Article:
Shark Dies On Van Nuys Kmart Ad Set; Investigation Launched
Updated at the bottom with a statement from Kmart and an assertion that PETA got it wrong. First posted at 7:09 a.m.
An independent investigation has been launched into the death of a shark that was being used for the filming of a Kmart commercial in Van Nuys, the American Human Association tells the Weekly.
PETA first revealed the death this week after whistle blowers let it know that the whitetip shark died in what AHA says was an above-ground, 60,000-gallon tank in Van Nuys that was set up as part of the commercial shoot.
PETA says the shark was flown in from New York ...
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... on March 6 specifically for the production.
The organization states:
Human actors repeatedly jumped in and out of the pool during the shoot, which likely caused the animal to stress.
PETA says it's "urging" Kmart to investigate the death.
The American Humane Association, which provides guidance to Hollywood for production involving animals, was on-set.
Jody Frisch, the organization's national director of public affairs, says the shark appeared to have fallen ill at a time when filming was not taking place.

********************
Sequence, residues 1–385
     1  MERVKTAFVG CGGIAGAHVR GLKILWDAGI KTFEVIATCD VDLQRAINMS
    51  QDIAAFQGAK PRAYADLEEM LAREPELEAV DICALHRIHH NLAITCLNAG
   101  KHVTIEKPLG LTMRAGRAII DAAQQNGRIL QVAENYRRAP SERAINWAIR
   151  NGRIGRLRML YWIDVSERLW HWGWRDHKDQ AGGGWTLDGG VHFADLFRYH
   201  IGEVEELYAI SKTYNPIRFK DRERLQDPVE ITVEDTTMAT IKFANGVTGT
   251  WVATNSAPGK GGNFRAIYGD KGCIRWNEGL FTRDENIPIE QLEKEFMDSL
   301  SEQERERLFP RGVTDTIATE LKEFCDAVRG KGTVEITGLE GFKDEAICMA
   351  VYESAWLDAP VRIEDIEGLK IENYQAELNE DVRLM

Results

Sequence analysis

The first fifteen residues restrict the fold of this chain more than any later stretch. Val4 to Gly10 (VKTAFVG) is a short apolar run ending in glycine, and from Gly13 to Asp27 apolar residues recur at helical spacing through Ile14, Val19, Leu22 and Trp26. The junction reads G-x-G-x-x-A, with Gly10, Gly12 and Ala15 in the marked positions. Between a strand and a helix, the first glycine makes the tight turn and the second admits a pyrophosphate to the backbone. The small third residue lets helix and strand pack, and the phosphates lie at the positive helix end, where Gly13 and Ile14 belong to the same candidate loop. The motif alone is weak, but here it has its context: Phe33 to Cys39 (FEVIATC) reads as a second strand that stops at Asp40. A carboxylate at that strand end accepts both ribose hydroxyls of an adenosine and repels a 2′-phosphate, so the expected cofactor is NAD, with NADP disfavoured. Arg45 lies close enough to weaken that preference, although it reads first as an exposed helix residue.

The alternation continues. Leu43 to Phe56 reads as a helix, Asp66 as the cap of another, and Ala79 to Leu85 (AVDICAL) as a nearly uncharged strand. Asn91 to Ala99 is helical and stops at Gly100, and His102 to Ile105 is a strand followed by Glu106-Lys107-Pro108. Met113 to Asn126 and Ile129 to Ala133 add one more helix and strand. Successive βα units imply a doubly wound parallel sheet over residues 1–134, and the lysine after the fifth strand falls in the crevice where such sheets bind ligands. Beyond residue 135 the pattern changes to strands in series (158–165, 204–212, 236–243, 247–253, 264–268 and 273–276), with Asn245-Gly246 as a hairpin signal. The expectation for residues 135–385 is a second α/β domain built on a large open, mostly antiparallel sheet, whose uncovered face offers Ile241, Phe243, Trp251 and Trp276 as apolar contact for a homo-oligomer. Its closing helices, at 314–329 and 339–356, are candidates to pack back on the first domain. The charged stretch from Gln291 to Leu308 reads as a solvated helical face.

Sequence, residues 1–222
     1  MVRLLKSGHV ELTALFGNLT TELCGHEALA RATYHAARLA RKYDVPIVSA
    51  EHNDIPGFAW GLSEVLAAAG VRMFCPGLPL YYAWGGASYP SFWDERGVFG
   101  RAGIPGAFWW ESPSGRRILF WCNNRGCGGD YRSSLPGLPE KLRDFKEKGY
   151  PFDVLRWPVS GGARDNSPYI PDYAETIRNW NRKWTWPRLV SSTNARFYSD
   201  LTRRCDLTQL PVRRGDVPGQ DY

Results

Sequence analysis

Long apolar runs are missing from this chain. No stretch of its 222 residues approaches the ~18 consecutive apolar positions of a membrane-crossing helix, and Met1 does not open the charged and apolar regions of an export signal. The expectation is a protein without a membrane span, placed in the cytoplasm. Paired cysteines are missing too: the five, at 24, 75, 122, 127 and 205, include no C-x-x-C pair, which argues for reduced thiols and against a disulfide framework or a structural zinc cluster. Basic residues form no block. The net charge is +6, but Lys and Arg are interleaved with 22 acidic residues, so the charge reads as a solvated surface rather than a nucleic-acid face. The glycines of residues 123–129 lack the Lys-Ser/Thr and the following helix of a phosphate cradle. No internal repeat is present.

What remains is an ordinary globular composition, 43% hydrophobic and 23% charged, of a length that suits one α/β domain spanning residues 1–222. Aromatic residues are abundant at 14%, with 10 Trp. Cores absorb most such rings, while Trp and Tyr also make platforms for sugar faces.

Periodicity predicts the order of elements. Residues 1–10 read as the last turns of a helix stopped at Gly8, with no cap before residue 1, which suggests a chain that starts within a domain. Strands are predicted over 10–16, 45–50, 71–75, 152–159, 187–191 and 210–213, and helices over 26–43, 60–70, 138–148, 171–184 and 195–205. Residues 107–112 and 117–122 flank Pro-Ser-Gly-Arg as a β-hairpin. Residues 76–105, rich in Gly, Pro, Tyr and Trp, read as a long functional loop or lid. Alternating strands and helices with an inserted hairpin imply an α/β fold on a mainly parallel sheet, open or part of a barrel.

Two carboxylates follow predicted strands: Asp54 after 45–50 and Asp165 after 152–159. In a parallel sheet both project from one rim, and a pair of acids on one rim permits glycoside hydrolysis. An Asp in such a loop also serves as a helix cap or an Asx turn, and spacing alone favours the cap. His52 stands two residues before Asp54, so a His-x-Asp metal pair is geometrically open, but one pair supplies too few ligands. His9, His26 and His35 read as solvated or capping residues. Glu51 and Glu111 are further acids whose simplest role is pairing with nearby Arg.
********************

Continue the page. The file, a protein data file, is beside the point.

She said an AHA observer noticed the shark was "showing signs of stress" and arranged for immediate medical attention, including the administration of oxygen and adrenaline, before it was transferred to a nearby "aquatic compound," where it died March 7.
We have launched a third party independent investigation with an aquatic medical specialist.
She said there was "misinformation" being spread about the death -- including that it might have happened during filming, which she says it didn't -- and that "we don't have all the facts yet as to the cause of death."
We reached out to Kmart for comment but had yet to hear back.
[Update at 11:44 a.m.]: Kmart sent this statement to the Weekly:
We take this matter very seriously: safety is always our paramount concern. Our agency and production company responsible for the shoot worked with professional animal handlers and a representative of the American Humane Association - which was responsible for monitoring the shark's welfare - was onsite during the shoot. The AHA says the animal was not being mistreated and steps were taken to ensure its safety on set. We are following up with our ad agency and the production company to find out why this happened so it doesn't happen again. We are saddened by this incident.
Another AHA official, meanwhile, reached out to refute PETA's claim that people were in the water. People were not in the water, the official says:
No one at all jumped into the pool. We would not allow that and it did not happen.
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